26 Jul Swarm Intelligence Fall 2009
With Roland Snooks-Kokkugia, for further information see: www.kokkugia.com/wiki
“This seminar examines the role of agency within generative design processes. The course engages algorithmic techniques in the development of a computational methodology grounded in swarm intelligence. While discussing the political and social role of agency, the workshop will focus on an abstract design methodology, recasting simple decision making ability into agents capable of self-organizing into an emergent intelligence. Scripting will form the basis for algorithmic models which enable localized interaction of agents to generate emergent topologies in the design of proto-architectural forms, structures and articulation. Unlike the typical application of swarm systems in design, this workshop does not simply engages in the mapping of these complex systems, but instead, we will mine the self-organizing potential of the systems to negotiate between a complex set of desires and parameters in the generation of architecture.
The semester focused around two areas of research, initially developing simulations of vector based swarm systems and then using these as the basis for developing an architectural design methodology which operates within a topological substrate. This second stage of the research logically shifts away from any analogous relationship to an existing swarm systems model and aims to develop a design process capable of negotiating architectural inputs.
Computational design is shifting away from the reliance on heavy platforms such as Maya’s MEL scripting language into lightweight object oriented programming environments, enabling the massive iteration required for emergent processes. In anticipating this shift, the workshops will focus on the newer lightweight languages such as Processing and Python. As the research shifts into a topological substrate these languages will be transferred into Maya (Python) and RhinoScript to enable agent intelligence to be embedded into geometry.” (Excerpt from syllabus, modified)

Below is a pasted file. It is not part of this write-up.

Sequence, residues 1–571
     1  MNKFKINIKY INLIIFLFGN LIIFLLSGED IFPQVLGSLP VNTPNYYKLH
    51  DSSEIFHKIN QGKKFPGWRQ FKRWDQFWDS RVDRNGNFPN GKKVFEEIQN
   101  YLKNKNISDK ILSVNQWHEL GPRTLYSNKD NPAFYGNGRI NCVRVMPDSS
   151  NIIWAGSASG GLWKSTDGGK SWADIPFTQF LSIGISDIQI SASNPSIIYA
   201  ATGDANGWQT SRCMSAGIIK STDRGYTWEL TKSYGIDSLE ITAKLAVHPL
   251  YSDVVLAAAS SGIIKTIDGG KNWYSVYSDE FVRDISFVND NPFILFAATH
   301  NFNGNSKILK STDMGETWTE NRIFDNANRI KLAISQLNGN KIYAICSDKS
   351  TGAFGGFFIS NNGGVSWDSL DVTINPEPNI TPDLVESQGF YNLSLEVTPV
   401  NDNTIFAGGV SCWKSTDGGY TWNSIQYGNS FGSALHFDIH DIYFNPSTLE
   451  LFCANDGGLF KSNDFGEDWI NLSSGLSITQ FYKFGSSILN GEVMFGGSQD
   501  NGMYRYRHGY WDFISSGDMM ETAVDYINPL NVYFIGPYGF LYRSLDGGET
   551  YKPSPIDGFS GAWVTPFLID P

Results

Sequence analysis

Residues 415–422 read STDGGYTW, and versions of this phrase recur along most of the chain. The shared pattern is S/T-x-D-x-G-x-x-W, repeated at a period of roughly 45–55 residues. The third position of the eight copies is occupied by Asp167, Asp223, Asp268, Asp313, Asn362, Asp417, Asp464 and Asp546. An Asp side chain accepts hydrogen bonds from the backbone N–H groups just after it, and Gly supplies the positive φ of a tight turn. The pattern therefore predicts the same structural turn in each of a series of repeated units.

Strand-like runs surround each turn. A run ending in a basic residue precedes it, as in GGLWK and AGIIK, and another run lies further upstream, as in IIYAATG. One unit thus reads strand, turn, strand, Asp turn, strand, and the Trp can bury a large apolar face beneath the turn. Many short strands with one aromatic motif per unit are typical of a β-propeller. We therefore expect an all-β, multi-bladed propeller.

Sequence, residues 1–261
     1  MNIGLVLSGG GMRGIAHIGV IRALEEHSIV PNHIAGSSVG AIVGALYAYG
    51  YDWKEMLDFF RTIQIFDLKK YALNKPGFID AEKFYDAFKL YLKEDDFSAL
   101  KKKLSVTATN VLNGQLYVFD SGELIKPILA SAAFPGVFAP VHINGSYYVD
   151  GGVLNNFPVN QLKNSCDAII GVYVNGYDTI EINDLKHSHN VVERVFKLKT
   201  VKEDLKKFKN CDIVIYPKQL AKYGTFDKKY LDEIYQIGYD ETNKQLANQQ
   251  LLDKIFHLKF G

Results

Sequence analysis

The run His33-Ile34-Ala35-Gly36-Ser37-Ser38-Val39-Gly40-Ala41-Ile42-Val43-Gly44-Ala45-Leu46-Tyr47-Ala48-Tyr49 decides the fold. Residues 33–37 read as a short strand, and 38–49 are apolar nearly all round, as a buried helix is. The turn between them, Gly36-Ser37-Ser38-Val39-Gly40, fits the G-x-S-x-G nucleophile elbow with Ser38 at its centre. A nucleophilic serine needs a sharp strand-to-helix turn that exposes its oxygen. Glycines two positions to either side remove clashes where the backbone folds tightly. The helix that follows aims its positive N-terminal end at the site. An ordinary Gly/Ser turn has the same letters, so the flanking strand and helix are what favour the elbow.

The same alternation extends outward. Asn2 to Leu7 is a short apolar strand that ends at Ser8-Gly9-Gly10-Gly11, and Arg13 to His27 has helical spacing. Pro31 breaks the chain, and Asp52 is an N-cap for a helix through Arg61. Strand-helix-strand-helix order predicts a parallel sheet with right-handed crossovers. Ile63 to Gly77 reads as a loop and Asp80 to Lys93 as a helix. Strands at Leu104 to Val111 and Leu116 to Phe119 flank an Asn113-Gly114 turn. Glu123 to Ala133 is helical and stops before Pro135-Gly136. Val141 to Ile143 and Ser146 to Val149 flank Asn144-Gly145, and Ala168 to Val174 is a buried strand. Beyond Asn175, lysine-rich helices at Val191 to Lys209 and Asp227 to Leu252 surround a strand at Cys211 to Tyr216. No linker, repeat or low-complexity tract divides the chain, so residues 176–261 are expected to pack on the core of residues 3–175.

Ornament is widely treated as an addition to other architectural components. The belief that ornament is mere cladding, or an attached component to the “raw” design in architectural practice is one of the questions to be put to the test. This experiment searches a common ground for both structure and ornament, trying to define not their boundaries but points in common, dependencies and relationships.
By Sofia Krimizi, Byaina Bogosian, Kyriakou, Naomi Ocko, Sohith Perera
The clapping Project
A study of synchronized and asynchronized patterns as a further development of clapping in a defined crowd.
By Bart Jan Polman, Yeoun Ban and Johanna Muszbek
This is an attempt to directly apply an agent based system to a real situation: the issue here was to create a bridge in a location of London by means of a virtual modelization of crowd behavior and its response to conditions external to the system. [See applet]
By Maider Llaguno, Marina Cisneros, Maurizio Bianchi and Augustus Chan